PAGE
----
The police, especially the State Patrol, will certainly miss their Crown Vics. I currently own 2 retired Colorado State Patrol cars, purchased when they had around 100K miles on them, and they have been fine, trouble-free cars…13 MPG was mentioned in the OP’s Vic epitaph but I never got worse than 17 around town and 26 on the highway…They have a top speed of 135 MPH and will cruise at 120 without any fuss. The Police Interceptors have a model designation of P71, they have super heavy duty everything and the fleet price was around $35,000 in base trim. Police lights, push bumpers, sirens, radios, gun racks, cages, that stuff was all installed after purchase and in most cases, removed before sale to private owners… The Vic, Grand Marquis and Town Car are all built on the “Panther” chassis. Ford dealers stopped selling Crown Victorias in 2008 but Taxi and Police fleet sales continued until the end of 2011. The Saint Thomas, Ontario assembly plant turned out the last Panther on August 15, 2011 and the plant was shuttered shortly thereafter. The Vics were pretty much unchanged 1992 to 2003. In 2004 they got a new 5 link rear suspension which improved handling. In 2005 they got a beefed up frame and new front suspension with rack and pinion variable ratio steering…The P71 cars all have a special aluminum tube driveshaft designed to remain stable and safe at over 6000 RPM.
While the Dodge Charger is offered as a Police Pursuit Vehicle, it’s pretty cramped for most police duty so you are starting to see many states going to SUV’s for their patrol vehicles. Ford now offers the Taurus in Police Interceptor trim…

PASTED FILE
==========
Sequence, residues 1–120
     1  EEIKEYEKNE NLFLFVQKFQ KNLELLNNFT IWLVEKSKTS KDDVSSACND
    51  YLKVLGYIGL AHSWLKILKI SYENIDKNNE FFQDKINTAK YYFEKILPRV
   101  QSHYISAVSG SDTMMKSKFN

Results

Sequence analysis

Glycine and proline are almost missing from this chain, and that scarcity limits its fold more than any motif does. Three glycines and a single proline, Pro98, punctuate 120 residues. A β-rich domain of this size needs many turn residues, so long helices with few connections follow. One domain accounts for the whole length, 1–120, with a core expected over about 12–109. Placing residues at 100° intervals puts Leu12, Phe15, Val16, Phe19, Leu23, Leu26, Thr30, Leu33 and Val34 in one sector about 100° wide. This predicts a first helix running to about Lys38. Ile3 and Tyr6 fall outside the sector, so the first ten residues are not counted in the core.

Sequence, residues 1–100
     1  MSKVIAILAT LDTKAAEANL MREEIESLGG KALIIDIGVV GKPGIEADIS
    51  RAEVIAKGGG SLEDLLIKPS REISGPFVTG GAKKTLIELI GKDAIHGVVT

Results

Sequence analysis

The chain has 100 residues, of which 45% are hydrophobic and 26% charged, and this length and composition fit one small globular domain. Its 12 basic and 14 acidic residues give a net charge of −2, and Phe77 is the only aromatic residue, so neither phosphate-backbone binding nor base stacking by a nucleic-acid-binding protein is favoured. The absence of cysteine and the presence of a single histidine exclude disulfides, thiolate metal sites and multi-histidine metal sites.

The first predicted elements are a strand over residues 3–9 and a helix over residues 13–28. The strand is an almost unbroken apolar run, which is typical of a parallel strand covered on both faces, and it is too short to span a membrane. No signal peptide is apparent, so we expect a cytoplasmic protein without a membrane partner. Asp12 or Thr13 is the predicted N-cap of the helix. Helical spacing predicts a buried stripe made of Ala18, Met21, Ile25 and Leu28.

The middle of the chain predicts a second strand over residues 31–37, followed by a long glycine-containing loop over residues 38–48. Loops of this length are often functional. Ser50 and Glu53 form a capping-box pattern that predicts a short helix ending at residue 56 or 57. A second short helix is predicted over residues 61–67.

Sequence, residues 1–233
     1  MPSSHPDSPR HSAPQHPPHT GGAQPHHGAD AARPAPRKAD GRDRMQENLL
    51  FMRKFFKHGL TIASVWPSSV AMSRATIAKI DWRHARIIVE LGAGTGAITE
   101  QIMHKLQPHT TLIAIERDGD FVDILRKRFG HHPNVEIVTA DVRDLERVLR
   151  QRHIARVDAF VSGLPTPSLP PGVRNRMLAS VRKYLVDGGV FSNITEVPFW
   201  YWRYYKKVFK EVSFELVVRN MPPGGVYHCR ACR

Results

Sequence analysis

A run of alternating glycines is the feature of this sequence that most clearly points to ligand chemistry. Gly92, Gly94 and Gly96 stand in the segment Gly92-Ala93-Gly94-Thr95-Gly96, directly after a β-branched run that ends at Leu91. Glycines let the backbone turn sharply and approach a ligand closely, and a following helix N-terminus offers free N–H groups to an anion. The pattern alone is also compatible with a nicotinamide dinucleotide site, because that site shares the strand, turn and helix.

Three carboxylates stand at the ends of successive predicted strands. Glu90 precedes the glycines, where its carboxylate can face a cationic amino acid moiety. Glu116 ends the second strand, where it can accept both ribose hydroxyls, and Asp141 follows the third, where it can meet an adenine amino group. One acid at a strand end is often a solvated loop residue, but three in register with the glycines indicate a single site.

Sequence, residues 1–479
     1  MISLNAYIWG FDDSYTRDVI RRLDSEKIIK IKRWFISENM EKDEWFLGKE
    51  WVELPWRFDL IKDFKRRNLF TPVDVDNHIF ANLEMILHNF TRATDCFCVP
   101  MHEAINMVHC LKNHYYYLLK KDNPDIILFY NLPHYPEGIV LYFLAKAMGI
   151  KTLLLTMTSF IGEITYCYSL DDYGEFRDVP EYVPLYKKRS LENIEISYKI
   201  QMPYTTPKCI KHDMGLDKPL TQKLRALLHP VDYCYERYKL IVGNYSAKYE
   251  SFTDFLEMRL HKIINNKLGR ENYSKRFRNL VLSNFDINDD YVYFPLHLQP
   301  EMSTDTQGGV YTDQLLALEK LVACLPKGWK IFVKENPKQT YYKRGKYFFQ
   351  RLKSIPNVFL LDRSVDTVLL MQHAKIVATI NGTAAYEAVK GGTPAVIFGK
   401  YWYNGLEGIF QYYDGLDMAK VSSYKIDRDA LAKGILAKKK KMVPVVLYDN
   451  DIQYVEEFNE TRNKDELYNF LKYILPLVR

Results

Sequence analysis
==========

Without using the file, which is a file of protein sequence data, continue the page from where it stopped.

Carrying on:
It’s very sad to see this car becoming extinct as they always got the job done. The local PD here still has Crown Vics in their fleet but as each hits their retirement they’re replaced with SUVs or late model Impalas.
It’s a crying shame to see the Vics go.
I too have had a few of these cars, 92 Crown Vic, 96 Grand Marquis, and currently an 06 Town Car. These cars are among the most reliable, durable, easy to maintain and economical to operate. They are true workhorses and almost bulletproof. All of mine have been fully optioned out with air suspension, auto climate, leather, etc. I can also say that there is nothing fun or exciting about driving one. They are perfectly functional and reliable but leave a lot to be desired as far as the driving experience goes. But then that’s not the goal for a car like that.
I also think that the Panthers are 20th century cars and in this day and age are technologically dated. There’s only so much updating you can do to a body-on-frame car short of turning it into an SUV. They have surprisingly little back seat room compared to other luxury sedans due to the rear wheel drive.
I think it will be a long hard look to find a car that will serve as fleet vehicle, taxi, police, etc. as the Panthers did.
My mileage around town is around 16, on the highway in “road trip” mode never much better than 23. Caddyman must follow the speed limit more than I do. These are big heavy cars and I don’t see how you can push one along at 80-85mph and see 26mpg.
A few years ago a local Ford Dealer had an 04 Marauder in. This is the same car but came with the DOHC 4.6. I didn’t get down to buy it fast enough, someone got it before me. I’d like to have owned that one.